IT started with the boss of BBC Scotland, Alasdair Milne, looking to copy a news show he’d seen in America.
Instead of news presenters in New York and Washington they would be in Glasgow and Edinburgh, with a third covering Aberdeen. That vision led to the launch, in 1968, of Reporting Scotland. Now a new documentary, Fifty Years Of Reporting Scotland, celebrates its milestone half century.
Jackie Bird, who has been at the helm for more than half of that time having joined in 1989, goes behind the scenes to tell the story of the national news programme.
She’s seen the highs and the lows, reporting on the demise of industrial giants like Ravenscraig and having George Galloway rip off a microphone and walk out mid-interview.
Here Jackie shares with us some of her biggest stories and most memorable moments.
When the call came through on March 13, 1996, the word was of a shooting at a school. It was thought a child may have been killed.
As I drove through, radio reports were of possibly two killed, which seemed unspeakable.
I got there about 11.30am and when we started getting information we thought it just had to be wrong.
These things didn’t happen at a lovely little school in picturesque Dunblane.
Watching parents arrive that lunchtime in a state of panic was an awful sight and one I’ll never forget.
Glasgow bin lorry crash
The 2014 bin lorry crash in Glasgow that killed six people was a terrible tragedy made worse somehow by the fact it happened so near to Christmas.
The juxtaposition that amidst all the lights and supposed happiness was this awful scene.
We got there early and went on air for an hour. I didn’t even have notes on the back of a fag packet, just a totally empty notebook.
People who had a story to tell were being shoved in front of me. After it, I got to know some of the families well because I made a documentary.
I hope they felt we did their stories justice.
Obviously politics has taken centre stage over the last few years and I’ve been lucky to be involved.
It’s now become routine that I’m part of our election night broadcast and then I’ll go right into Reporting Scotland the next day. If it’s a UK election I’ll go to London and if it is a Scottish one I’ll present the programme from Holyrood.
So it’s 48 hours without sleep, getting by on the adrenaline and coffee. But they’ve been so exciting, there’s been no better place to be. After it, I’m the cheapest date ever. If my producer Jackie and I are in London, we’ll hit the gin about 8pm that second night – but we don’t need much.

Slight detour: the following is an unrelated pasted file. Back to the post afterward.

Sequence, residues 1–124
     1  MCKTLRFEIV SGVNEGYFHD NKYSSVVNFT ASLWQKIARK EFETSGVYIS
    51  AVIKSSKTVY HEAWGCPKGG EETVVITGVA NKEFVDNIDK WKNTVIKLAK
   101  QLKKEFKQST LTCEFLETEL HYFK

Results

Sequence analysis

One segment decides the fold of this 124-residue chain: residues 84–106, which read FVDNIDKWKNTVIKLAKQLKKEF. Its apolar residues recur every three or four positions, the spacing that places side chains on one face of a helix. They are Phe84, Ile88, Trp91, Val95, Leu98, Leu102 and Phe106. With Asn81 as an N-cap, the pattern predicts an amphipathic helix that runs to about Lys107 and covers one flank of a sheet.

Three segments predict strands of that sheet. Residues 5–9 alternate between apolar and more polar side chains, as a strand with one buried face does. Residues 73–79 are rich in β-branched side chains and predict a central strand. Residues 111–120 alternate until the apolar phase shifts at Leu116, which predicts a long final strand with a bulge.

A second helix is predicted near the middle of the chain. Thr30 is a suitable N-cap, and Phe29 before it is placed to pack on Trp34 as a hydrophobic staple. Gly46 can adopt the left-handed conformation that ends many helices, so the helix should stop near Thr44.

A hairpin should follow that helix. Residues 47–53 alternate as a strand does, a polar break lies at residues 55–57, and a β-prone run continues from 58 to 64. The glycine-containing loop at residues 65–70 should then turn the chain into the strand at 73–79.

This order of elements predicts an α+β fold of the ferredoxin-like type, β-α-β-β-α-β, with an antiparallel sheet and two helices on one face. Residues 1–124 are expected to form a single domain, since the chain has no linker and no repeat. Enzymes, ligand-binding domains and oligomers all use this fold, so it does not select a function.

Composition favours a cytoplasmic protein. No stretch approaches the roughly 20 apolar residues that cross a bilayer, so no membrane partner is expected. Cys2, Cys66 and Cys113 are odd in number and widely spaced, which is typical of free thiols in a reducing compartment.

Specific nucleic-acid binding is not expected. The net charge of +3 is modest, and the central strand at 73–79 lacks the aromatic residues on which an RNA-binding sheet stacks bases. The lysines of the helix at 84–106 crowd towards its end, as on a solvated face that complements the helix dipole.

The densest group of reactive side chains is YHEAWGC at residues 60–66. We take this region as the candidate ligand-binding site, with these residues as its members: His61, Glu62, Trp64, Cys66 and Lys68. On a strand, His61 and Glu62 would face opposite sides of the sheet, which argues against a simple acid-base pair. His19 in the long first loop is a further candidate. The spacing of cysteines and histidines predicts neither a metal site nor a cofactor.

In 1995, a cairn was set to be unveiled for those who had been killed in the Lockerbie tragedy at the Arlington National Cemetery in Virginia.
Lots of Scottish families were going over and President Bill Clinton was going to inaugurate it. The ceremony was due to take place between 6.30pm and 7pm our time. When we came on air the President hadn’t arrived yet and I had to fill a half hour with various guests. Finally, he did arrive just 10 seconds before we went off air. In retrospect, they should have extended the programme, but they didn’t.
So I had the unenviable job of saying: “The President is arriving, the inauguration is about to begin, good evening.”
When we arrived back in Glasgow I saw we were front page news because, quite understandably, viewers felt they’d been badly treated. In the great scheme of such a tragedy, a broadcasting blip matters not a jot, but it’s a shame we couldn’t have done it justice.
I went out there three times. We did a week of live broadcasts hearing from the Scottish troops.
Then we went out again with Scottish medical reservists taking charge of Camp Bastion hospital.
Finally I was embedded for three weeks at Helmand with Marines based at Arbroath. It was an enormous privilege to get an idea of what they were up against. We were in a Chinook helicopter with a gunner at the open doors, knowing we were a target.
There was an attack at Kandahar as we were due to come back, I remember calling the office while taking shelter under a desk.
This was an almost unbelievable story when it broke in 1995.
We were in the newsroom when we got a call to say it had been discovered through the education department that a guy had been discovered as a fifth year pupil who had gone back to school when he was in his late 20s. It sounded like nonsense, but it wasn’t.
A few weeks later, when he was the UK’s most wanted man, I found myself hiding out with him at a hotel in Argyll.
Scotland was right at the heart of filmmaking – Braveheart was being made at the same time as Rob Roy was being fillmed.
There were lots of other Scottish links so we decided to do the programme from Hollywood and go to the Oscars in 1996. It was fun.
I was in a lift trying to nudge my producer to point out that we were beside Jessica Lange and Quentin Tarantino.
Following the ceremony we were in the roped-off area. I tied a big tartan scarf around my microphone and managed to bag the interview with Mel Gibson. I couldn’t have come home without it!